What are we learning from transdisciplinary and engaged research processes?  How do we maximise the uptake of evidence from research and innovations into policy and practice?  How do we “go the last mile” – from good research, good policy, great ideas to implementation on the ground that leads to real change, for many?

Financing of adaptation and climate resilient development

What are we learning from the new global, regional and national funding mechanisms, such as the Adaptation and Green Climate Funds?  Where are the examples of “transformative” projects that the GCF seeks to fund?  What might transformative adaptation look like? How do we measure and value adaptation?

Learning from doing

What works and has not worked at different scales, from regional, to national, to local and community?  What needs to be in place (enablers) and be circumvented (barriers) to maximise the chances of success in different adaptation settings? How do we improve the way learning occurs so that acknowledgement of failure or partial success is valued? How do we implement adaptation across complex social, cultural and political-economic systems?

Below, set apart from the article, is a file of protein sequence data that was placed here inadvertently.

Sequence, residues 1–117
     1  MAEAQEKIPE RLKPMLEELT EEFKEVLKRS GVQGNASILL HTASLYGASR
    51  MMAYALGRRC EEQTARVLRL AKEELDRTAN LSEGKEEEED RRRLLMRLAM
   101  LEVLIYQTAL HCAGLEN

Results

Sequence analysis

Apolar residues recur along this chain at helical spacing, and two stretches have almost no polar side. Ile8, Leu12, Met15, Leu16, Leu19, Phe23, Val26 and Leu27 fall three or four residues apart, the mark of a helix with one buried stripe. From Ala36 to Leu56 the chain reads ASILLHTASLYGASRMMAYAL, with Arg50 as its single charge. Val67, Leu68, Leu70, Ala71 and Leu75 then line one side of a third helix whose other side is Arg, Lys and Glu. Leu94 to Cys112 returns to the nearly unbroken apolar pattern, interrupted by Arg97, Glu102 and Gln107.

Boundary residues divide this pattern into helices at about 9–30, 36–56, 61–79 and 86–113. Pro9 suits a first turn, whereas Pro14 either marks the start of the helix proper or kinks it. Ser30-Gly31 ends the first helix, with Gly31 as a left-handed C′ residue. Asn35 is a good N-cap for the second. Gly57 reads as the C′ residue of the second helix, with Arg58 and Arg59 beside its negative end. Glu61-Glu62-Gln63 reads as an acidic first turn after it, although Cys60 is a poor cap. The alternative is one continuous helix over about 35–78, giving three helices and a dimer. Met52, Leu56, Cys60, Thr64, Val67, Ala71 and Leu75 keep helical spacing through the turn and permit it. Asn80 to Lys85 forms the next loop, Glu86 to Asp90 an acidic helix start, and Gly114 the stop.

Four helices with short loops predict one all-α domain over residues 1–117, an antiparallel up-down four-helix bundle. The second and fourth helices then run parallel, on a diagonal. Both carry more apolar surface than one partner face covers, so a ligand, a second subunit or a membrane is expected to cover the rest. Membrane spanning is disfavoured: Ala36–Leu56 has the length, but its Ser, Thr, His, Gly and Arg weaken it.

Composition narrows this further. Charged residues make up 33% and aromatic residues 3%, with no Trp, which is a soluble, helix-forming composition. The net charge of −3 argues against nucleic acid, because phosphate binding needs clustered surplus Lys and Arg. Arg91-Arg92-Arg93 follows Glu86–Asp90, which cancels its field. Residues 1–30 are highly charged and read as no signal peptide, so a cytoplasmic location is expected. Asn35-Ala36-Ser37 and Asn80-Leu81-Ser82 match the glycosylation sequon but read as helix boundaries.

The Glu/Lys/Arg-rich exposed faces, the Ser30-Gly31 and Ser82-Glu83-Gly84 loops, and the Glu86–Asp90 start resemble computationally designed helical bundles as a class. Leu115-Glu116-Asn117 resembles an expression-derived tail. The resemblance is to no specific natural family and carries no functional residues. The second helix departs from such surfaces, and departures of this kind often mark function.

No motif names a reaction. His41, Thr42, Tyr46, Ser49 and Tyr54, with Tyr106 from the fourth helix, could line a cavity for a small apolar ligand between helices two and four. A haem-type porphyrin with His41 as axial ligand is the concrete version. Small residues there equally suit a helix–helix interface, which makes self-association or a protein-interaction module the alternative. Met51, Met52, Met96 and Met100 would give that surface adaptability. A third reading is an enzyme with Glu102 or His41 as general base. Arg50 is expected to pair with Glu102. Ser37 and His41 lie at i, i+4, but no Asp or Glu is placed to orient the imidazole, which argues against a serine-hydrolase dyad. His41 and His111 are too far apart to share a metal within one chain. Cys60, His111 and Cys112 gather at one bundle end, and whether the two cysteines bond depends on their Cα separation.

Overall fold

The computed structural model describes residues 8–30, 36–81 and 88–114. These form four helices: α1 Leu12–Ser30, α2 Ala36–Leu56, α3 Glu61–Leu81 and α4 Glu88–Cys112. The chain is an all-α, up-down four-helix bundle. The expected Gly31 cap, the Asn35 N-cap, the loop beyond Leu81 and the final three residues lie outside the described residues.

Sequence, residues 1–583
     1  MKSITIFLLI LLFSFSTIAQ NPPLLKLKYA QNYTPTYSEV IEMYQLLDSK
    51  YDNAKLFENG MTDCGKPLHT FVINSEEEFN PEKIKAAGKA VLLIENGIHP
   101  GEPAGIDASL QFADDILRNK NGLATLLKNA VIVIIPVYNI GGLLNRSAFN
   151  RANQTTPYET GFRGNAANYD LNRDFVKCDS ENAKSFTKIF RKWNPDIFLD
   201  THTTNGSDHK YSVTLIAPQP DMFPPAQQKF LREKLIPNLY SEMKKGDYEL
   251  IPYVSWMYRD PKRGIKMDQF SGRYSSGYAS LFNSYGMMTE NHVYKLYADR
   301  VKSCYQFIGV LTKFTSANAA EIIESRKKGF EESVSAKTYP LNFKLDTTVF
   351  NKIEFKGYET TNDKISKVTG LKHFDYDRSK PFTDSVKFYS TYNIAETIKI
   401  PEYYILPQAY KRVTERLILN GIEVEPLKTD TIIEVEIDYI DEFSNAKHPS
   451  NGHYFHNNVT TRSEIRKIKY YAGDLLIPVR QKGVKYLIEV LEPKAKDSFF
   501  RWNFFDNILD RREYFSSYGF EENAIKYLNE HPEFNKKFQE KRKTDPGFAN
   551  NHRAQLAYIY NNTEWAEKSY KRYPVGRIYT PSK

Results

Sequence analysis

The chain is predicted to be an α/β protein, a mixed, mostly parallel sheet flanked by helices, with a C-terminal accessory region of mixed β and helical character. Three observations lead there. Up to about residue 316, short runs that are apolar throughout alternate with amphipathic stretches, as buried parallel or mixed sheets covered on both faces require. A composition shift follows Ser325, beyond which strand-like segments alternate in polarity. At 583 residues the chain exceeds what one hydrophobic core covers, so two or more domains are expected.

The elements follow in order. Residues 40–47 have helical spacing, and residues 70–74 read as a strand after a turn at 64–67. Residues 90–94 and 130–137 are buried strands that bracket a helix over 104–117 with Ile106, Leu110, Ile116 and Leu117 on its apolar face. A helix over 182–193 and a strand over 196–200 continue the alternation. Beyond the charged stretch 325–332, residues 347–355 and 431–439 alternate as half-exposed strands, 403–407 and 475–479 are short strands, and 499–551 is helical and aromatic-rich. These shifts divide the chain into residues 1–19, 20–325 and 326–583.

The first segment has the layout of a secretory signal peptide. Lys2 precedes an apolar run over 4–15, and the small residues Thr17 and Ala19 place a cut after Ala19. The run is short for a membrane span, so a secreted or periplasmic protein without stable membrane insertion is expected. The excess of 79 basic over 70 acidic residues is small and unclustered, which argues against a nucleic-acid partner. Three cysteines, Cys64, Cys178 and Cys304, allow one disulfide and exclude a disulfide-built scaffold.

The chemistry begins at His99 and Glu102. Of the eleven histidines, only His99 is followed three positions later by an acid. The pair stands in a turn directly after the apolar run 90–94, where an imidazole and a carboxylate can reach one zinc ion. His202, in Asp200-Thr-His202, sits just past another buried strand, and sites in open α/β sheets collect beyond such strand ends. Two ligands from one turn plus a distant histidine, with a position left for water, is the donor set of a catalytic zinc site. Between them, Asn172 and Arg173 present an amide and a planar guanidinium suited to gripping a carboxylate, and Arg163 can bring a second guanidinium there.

Adaptation Futures 2018 builds on the legacy and key messages that emerged from the previous conferences.

4 Key Messages from Adaptation Futures 2016

  1. The adaptation community should remain dynamic, learn from other communities and develop synergies. It is key to connect scholars with policy-makers and practitioners, focusing on solutions.
  2. Innovation is essential for adaptation. The adaptation community needs innovative research on new ideas, products and services, as well as social issues, and how business and stakeholders can work together in new ways.